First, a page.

The design hourly factor (DH) varies for each of the rest areas, as shown in Table E3. The DH factor for rest area XYZ001 is 0.15, since the ADT is less than 12,500 (i.e., 8,650). The DH factor for rest area XYZ002 is 0.10, since the ADT recorded for that area fell within the 12,500-30,000 range (i.e., 16,656). The DH factor for rest area XYZ003 is 0.075, since the ADT recorded there exceeded 30,000 (i.e., 31,100). The parameter values for the other factors, such as percentage distribution of parking spaces between cars and trucks (Dt), the peak factor ratio (PF) and the vehicles per hour per space (VHS), are held constant across all three rest areas.

Step 4: Estimate the Truck Parking Demand Model

The modified mathematical formula for estimating the total number of truck parking spaces at public rest areas is shown in Table E5. The parameter values for each of the factors are entered into the formula along with the respected ADT volumes recorded for each rest area. The estimation equation is then solved to arrive at the estimates for total truck parking spaces. In this example, rest area XYZ003 is shown to have the largst requirements of truck parking spaces (73 spaces), whereas the estimated number of truck parking spaces required for rest areas XYZ001 and XYZ002 are 47 and 56 spaces respectively. As the estimates indicate, the total number of truck parking spaces required at a particular rest area not only depend on the ADT volumes passing the rest area, but also on the values of the other parameters used in the model.

Table of Contents

Task 5. Analyze and Interpret Results

The results of the preceding four tasks will enable the user to determine

Results should be analyzed from three angles. First, the results from the inventory of existing rest areas documents are the current supply of commercial vehicle parking in highway resting facilities. Second, the direct observation and commercial driver surveys offer primary data on the demand for truck parking. Third, the results from the quantitative modeling process indicate the requirements for truck parking at public rest areas. These results should be evaluated separately then considered together to determine the overall truck parking space shortfall.

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Task 6. Report and Use the Results

One of the goals of this process is develop a successful rest area program in a concise planning process. This process requires that after identifying a need or demand and determining the extent of it, solutions must be developed through an orderly planning process and stated in terms of a program. Commitments to a rest area development program should involve accepting program objectives, priorities and funding levels as part of overall state development objectives. This will ensure that development proceeds concurrently with related transportation programs. Without a commitment, rest-area program implementation and successful development are not given the appropriate support by management and eventually fail.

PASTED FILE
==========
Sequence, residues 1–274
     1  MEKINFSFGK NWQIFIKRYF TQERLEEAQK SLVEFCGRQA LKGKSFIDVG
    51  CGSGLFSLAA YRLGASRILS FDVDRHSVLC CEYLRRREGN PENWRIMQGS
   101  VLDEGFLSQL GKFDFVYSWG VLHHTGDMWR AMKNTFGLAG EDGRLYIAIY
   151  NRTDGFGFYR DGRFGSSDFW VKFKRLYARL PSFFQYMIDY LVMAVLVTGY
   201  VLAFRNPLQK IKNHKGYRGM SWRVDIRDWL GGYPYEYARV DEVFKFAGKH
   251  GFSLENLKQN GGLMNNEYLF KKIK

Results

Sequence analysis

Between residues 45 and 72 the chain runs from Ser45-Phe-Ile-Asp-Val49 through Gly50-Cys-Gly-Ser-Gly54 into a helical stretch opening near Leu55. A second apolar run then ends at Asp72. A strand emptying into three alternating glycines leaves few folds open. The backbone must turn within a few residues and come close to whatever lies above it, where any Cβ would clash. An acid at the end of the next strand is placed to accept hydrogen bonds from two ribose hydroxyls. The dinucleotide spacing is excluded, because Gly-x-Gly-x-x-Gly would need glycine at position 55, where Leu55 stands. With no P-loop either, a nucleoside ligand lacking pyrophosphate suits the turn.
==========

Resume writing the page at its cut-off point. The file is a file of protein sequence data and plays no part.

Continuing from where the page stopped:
Transportation managers must recognize the need and value of rest areas. Their primary responsibility is to provide a safe highway system, and rest areas are one of the means of providing that safety. When commercial drivers use a rest area, they generally return to the road as safer drivers. Rest areas also provide travelers with a positive image of state, especially when well designed.

This guide has discussed the basic elements required to establish a successful planning process for developing rest areas. Using this approach, a statewide comprehensive rest area program can be developed. Following the procedures described here will result in a defensible, documented report. It should describe the results of the process and identify rest-area location requirements and develop guidelines. This report is the foundation for initiating a statewide comprehensive rest area program. It can be a bargaining tool for programming, planning, funding and implementation.

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Appendix A: Inventory Survey

Survey of Parking at Rest Areas on Interstate Highways (.PDF file, 22K)

1 In the FHWA study, counts were made every hour from 10:00 p.m. to 6:00 a.m., Sunday through Thursday. In this survey, observations should be made evey half-hour, thus doubling the number of observations and keeping the observer teams more occupied during the long night shifts. More frequent oberservations will also allow for better analysis of turnover rates per space.

2 Design Hour (DH) compares the design hourly volume, usually the 30th – 50th highest volume, to the annual ADT, producing a factor that predicts a peak usage average-hour situation.

3 The rationale for this decision rule is based on the finding of the Capacity Utilization model developed by Apogee. They indicate that the variables in Table 2 that are coded "1" have a positive impact on capacity utilization of public rest area parking spaces. To control for the higher utilization of those rest areas possessing these variables, the percentage of mainline traffic entering the rest area or "P" is modified using the decision rule.

Last updated December 17, 1999

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United States Department of Transportation - Federal Highway Administration